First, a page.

Google+ Followers

Tuesday, March 4, 2014

Integrate With Success

 These two dogs may look like they are fighting
but they are actually best friends playing. They are neighbors
and play together almost daily. Look how far their tails are up in the air
 even though their teeth are showing.  

These are the same two dogs that were playing above, but the environment
is different. The room is big so there is room to play, but if you enter
food into the equation there is sometimes a squabble.  Both dogs
have a wonderful personality and food squabbles are usually ended
by the male who is the the less dominant dog moving away. However
the female,  with a command, will also leave the food alone.  This command
allows the owner to stop a possible escalating incident between dogs before
it gets out of hand.

Thinking of bringing in a new dog into the family? The first thing to know is  that it is easier to bring in a puppy verses a grown dog, it is easier to make  a male /female or Male/Male  combination get along, and easier to have two laid back happy personalities.  People misunderstand that laid back personality when they view a litter or a pound dog.   There is a tendency to take the dog that is lying in the corner of his cage over the dog that comes out to meet you.

 If you are unsure about the new dog’s temperament and unsure of your own dog’s temperament as it relates to a dog pack, not the dog to human bond, then it is suggested you hire someone who can temperament test your dog and the dog you have picked out.

Equipment needed: An extra person, Martingale collars, 6 ft. leads, 20 foot cotton training leads, harnesses, soft treats (of limited value, medium value, and high value), and treat bags that hang on your belt. ( use desired toys if your dog is not food motivated) 

Meeting Each Other:

Have the dog’s meet a couple of times away from your home and on neutral territory. I suggest a walk on a quiet street,  a fairly empty parking lot, or a park (providing both dogs have been protected with vaccinations).

When you bring a new dog into your residence and you are not sure what your resident dog’s personality is among other dogs, then you may see fighting right off the bat. Some resident dogs are just startled by the element of surprise when you bring that new dog into the home, others are content at being the only dog and just don’t want another dog in the home.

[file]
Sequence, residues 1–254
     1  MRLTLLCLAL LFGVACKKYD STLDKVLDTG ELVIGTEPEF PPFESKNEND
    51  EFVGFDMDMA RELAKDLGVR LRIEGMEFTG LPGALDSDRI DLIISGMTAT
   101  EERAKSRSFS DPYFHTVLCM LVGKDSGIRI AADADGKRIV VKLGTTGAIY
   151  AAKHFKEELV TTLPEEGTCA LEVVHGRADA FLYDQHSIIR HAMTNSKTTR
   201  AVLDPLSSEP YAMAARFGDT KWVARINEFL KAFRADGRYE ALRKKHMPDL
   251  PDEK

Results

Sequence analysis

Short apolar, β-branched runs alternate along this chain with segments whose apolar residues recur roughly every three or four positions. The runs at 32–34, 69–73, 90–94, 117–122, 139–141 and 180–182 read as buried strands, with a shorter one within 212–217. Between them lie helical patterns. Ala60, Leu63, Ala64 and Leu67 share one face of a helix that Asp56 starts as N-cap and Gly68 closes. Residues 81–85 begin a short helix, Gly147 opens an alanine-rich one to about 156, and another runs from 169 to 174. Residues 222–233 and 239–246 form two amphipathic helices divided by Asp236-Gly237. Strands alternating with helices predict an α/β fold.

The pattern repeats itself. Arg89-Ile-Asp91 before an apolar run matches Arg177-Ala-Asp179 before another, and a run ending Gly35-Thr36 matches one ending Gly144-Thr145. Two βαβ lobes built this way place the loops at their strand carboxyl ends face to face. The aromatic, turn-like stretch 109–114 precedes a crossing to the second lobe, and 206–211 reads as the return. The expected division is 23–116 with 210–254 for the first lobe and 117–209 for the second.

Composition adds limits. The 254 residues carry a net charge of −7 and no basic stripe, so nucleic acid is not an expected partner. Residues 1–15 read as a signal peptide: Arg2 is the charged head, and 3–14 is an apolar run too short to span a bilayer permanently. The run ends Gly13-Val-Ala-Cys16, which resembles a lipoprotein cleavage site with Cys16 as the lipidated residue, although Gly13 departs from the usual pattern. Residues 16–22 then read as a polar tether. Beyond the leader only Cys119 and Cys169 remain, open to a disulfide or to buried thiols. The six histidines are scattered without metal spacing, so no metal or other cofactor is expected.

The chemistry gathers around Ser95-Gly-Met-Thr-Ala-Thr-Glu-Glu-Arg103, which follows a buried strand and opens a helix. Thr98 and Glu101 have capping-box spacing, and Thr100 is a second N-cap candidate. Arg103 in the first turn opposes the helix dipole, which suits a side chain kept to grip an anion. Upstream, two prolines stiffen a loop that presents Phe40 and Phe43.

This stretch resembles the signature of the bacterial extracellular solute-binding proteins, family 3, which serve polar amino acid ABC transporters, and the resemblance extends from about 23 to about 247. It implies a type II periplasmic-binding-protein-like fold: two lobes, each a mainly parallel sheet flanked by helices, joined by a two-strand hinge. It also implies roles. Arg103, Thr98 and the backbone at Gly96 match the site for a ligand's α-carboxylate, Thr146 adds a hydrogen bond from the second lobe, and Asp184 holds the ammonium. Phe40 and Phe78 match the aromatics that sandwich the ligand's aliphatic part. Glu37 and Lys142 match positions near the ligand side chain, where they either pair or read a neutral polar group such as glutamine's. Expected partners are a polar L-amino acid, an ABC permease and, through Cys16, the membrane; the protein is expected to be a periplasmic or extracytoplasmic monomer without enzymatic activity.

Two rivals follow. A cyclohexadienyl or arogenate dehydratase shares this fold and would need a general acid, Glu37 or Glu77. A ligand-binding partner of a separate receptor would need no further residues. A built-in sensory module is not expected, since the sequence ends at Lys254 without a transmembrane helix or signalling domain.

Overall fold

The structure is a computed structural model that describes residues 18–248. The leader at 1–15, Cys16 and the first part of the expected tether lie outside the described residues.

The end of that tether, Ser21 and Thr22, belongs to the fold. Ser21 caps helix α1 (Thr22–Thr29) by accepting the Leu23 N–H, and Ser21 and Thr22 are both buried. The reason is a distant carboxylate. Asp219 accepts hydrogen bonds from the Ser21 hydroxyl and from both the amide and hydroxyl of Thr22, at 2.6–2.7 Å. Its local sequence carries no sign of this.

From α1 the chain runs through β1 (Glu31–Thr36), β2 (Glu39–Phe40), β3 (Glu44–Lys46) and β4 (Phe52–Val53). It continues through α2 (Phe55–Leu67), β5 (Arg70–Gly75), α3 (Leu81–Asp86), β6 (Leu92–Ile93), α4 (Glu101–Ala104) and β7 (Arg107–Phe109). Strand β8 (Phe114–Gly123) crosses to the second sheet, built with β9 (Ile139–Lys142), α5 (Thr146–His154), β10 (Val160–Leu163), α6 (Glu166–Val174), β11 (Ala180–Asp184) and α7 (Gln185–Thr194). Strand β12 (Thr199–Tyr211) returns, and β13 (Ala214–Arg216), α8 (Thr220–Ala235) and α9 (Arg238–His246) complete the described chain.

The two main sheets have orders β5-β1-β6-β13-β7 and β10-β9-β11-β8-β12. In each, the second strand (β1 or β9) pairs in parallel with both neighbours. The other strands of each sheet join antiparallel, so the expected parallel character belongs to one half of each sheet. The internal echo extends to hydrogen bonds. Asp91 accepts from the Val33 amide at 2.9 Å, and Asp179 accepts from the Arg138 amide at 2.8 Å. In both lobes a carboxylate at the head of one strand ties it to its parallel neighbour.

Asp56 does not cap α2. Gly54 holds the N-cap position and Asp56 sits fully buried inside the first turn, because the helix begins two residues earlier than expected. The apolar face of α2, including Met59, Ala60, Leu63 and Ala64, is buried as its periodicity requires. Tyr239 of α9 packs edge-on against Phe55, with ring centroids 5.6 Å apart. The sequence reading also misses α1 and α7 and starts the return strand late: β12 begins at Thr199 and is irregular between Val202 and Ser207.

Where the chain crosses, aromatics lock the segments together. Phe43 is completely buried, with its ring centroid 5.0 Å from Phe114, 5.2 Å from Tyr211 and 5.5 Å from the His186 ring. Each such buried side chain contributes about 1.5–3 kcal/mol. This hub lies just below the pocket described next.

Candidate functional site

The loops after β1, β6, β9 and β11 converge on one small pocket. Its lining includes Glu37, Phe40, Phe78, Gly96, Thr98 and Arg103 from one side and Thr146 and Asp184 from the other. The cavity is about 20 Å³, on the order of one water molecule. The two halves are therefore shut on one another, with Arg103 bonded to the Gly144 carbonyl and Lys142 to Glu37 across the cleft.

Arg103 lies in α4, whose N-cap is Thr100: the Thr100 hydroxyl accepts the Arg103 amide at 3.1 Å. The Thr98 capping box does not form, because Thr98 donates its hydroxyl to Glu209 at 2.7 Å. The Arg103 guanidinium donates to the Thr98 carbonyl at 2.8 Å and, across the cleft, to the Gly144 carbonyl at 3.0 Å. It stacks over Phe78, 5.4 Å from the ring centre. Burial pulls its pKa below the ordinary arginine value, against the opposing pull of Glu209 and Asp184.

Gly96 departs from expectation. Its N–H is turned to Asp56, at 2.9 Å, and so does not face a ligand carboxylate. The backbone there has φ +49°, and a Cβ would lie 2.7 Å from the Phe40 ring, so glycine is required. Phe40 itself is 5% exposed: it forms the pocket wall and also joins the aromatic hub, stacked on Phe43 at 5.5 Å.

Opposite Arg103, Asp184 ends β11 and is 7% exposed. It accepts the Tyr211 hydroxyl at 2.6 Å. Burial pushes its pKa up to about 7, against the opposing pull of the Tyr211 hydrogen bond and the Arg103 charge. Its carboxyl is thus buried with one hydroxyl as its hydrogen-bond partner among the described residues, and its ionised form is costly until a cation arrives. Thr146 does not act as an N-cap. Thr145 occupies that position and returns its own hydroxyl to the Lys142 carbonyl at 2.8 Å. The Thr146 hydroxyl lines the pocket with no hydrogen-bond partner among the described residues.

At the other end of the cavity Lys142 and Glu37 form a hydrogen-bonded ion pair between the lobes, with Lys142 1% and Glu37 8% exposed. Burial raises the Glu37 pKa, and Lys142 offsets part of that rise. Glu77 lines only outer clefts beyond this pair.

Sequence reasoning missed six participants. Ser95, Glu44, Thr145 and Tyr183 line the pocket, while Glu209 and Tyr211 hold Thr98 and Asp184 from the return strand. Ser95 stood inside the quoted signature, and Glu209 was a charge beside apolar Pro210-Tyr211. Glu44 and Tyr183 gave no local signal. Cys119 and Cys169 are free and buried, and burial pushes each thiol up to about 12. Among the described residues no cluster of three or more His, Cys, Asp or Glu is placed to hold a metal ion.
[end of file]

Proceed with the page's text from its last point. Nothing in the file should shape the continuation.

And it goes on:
Having them them meet at a space where the shelter or breeder property is you may get mixed signals that the two are getting along but do not rule out the fact that your dog is nervous in this environment and therefore giving you an impression that he may like this new dog.    

Kennels/ Rescues and Vet office’s are not the ideal place to introduced two dogs. Make sure the area of introduction is open so the dogs do not feel cornered. This whole experience may be new to both of them so you want them to feel as comfortable as possible.

Outside meetings:

Warm up time. Both need some warm up time to get to know the area as chances are the kennel dog has not been too far away from the facility in a while so you and your partner start on opposite sides of the street and give them a few minutes to explore their environment and just be a dog.

Once they have explored a bit walk each dog on the opposite side of the street to start; this should be a safe enough distance while allowing you to gage the personality and reaction of each dog. Gradually move them closer to each other by walking back and forth until you meet in the middle of a quiet street or lot. As you are walking, start tossing in some commands as well as this will give you  an idea on how well a dog is trained or how much more training a dog will need and this may include your own dog’s training!  We all know that Fido listens perfectly at home, but that is because there is nothing in the home to get Fido stimulated except the owner. So keep in mind your mission is to watch each dog’s reaction toward the other and gauge their reaction to commands.  

Getting Them Home:

You have gotten them both home and find you may have missed some cues in your outdoor walk and now you see they do not get along after all, but you love them dearly and want to keep them both. 

Ask Yourself,
Is making them get along the best thing for the dogs?
Are you going to be able to handle the possibility of six months of  stress between the two?
Will everyone in the family adhere to rules you set for the dogs?
Is it fair to your resident dog?
If even one of these questions is a negative then it may be best to return the dog

Confining them:

 Confining them to separate rooms in the home will allow them the time to get used to each other’s scent in the house. This can be done for a couple of weeks if needed. Take them out separately to the yard on a lead to let them eliminate as you can sometimes see agitation or excitement when they pick up the other dog’s scent. Over time this excitement should subside as they will smell it every day and it will become a recognized scent.